The clocks have just gone back an hour which is great for those that that really needed to catch up on some extra sleep but it’s not so great for those that don’t like the longer, darker days. If you feel like you’re finding it harder to get out of bed in the morning then you may not be just imagining it.

In fact, you could be suffering with what is commonly referred to as the winter blues. It is true to say that many of us simply feel emotionally drained, more apathetic and want to sleep for longer. This form of winter blues or Season Affective Disorder (SAD), as it’s more commonly known, is a psychological affect that usually occurs at the end of the summer due to lack of daylight.

SAD is thought to affect one in five of us and in its most severe form can cause such strong symptoms of fatigue and depression that it can seriously disrupt people’s lives. The SAD condition is believed to be related to the amount of natural light available in winter months. Medical experts understand that daylight causes a reaction that stops us from producing melatonin, the hormone that makes us feel drowsy. Therefore, the lack of daylight in the winter can result in some people to not stop producing melatonin, leaving them exhausted.

There is also a common belief that exposure to sunlight results in a higher levelo of serotonin, leaving many of us feeling happy. Perhaps unsurprisingly, in the darker winter month the body produces less serotonin which can lead to an increased chance of developing depression. If you feel as though the changing of the seasons has led to a downturn in your mental wellbeing then it is important to visit your local GP. However, the following tips could also help you in starting to feel better.

Brighten up your day:

It may sound extremely obvious but when your body is literally craving daylight, sitting next to an artificial light for just 45 minutes a day can make a huge difference. The lumna lights often work as a great natural anti-depressant with no need to take any physical medication. Additionally, opening the blinds, sitting closer to the window and removing any trees, bushes or shrubs in the way of light can help to achieve more natural sunlight.

Keep Warm:

Keeping warm is essential throughout the winter to ensure overall health but it is particularly important for SAD sufferers as being cold can actually make you more depressed. In some cases it has been shown that staying warm can reduce the effects of SAD by as much as 50%.

The best ways to keep warm is to use the heating if needed and ensure that your room temperature is somewhere between 18C and 21C. Other things that you’re able to do is to wear warm clothes such as jogging bottom and fleeces as well as keeping topped up with hot drinks.

Eat Well:

Eating healthy isn’t all about restricting yourself to cold salads and lots of fruit (although that it can be good in a balanced diet). It is just as important throughout winter to have comforting, warm and healthy meals such as soups, stews and curry’s.

The truth is that maintaining a healthy, balanced diet will not only lead to increased energy levels but you can also benefit from not putting on excess weight and having a better overall mood. The reality is for many people with SAD is that all too often the go-to food type is carbohydrates. Instead, try and reduce these cravings by eating comforting meals, as well as fresh fruit and veg. This will also help to stave off your hunger for longer.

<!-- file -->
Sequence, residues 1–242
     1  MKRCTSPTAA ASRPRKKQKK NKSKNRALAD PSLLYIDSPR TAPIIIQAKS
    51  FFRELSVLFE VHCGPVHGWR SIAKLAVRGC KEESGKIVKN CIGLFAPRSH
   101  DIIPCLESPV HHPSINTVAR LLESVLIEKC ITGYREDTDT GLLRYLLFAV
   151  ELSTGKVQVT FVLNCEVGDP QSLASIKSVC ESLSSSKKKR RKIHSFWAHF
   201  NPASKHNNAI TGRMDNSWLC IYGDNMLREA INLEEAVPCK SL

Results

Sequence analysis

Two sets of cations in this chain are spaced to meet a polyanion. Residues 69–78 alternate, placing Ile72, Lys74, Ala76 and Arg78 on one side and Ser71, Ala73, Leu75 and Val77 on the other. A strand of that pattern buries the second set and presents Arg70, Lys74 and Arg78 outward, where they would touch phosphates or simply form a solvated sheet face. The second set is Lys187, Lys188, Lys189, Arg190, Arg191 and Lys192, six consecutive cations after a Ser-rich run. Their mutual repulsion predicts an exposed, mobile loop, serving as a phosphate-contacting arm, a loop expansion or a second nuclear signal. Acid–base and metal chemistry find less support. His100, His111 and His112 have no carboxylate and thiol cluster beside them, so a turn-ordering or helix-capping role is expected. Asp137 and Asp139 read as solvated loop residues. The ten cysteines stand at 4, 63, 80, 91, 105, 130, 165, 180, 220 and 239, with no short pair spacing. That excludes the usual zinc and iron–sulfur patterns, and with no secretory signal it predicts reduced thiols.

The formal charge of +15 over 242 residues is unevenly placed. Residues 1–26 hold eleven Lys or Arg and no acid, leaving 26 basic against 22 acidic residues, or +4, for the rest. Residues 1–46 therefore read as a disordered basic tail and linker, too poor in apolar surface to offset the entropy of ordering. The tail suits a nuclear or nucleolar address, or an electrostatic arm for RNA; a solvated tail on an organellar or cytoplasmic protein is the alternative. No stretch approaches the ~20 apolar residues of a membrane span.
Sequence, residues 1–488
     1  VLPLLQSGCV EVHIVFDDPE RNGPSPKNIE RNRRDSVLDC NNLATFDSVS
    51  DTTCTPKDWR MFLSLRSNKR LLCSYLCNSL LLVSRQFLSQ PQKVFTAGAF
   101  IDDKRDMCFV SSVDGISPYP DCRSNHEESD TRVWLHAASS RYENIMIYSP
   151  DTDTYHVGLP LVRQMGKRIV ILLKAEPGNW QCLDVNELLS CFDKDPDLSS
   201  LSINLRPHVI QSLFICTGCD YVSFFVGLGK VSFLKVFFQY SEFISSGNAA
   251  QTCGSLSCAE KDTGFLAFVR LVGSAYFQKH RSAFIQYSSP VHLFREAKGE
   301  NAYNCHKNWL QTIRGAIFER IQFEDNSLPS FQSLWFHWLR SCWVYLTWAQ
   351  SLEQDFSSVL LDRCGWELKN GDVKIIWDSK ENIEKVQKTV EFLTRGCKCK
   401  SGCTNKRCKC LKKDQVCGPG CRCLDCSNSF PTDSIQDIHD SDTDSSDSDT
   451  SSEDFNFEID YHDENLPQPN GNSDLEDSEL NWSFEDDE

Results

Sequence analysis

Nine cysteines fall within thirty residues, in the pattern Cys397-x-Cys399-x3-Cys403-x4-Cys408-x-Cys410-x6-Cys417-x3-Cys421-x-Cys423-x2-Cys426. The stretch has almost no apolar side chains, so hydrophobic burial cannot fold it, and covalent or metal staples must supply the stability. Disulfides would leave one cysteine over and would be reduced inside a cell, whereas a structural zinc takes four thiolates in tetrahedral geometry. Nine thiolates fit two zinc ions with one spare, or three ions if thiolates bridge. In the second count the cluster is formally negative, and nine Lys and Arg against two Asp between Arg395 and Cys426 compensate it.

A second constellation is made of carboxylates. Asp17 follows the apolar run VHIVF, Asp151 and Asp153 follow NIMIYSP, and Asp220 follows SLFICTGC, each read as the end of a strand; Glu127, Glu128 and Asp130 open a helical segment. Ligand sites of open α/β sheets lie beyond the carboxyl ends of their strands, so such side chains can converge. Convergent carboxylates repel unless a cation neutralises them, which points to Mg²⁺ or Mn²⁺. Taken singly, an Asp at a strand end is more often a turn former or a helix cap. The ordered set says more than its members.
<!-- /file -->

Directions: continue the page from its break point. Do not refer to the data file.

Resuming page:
Keep Moving:

Now it is important to remember that keeping moving doesn’t not have to equate to rigorous exercise and nor should it be perceived in this way to offset the symptoms of SAD. However, try to walk for an hour during the middle of each day. Now it may not be appealing to wrap up and brave the mid-winter British weather but the NHS have stated that taking a walk outside could be as effective as light therapy.

Similarly, despite being indoors, exercising in either a gym or your own home can be beneficial in trying to tackle SAD symptoms. Whilst you won’t be exposed to natural sunlight, you are still able to benefit from the endorphins that are released into the bloodstream. This will ultimately make you feel happy and work towards ameliorating feelings of depression.

Visit friends and family:

It has been extensively shown that socialising is good for overall mental health and can be an effective treatment for SAD. It is important, even if you have to force yourself, to make an effort to spend time with people that you care about and to accept any invitations to social events and gatherings.

Being isolated can be detrimental to physical health and can even lead to depression and that’s why it is so crucial to visit friends and family on a regular bases. Even if you only plan to see a friend or family member for a coffee, once you’re actual doing something you may have suddenly got in the mood to spend time with other people.

There are a number of ways to try and cope with the condition of SAD. Often it will take a combination of factors that will eventually improve your mood and limit the feelings of lethargy and depression. However, the important thing to remember is that the condition is temporary and there are mechanisms to help sufferers through the darker, winter months.